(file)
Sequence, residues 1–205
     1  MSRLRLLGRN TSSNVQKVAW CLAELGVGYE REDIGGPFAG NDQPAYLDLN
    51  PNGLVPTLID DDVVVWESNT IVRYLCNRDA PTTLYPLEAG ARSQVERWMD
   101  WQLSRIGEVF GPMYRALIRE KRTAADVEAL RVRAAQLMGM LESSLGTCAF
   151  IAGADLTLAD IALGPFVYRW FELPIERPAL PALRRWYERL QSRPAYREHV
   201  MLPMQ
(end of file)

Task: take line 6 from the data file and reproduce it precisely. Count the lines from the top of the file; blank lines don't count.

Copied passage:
   201  MLPMQ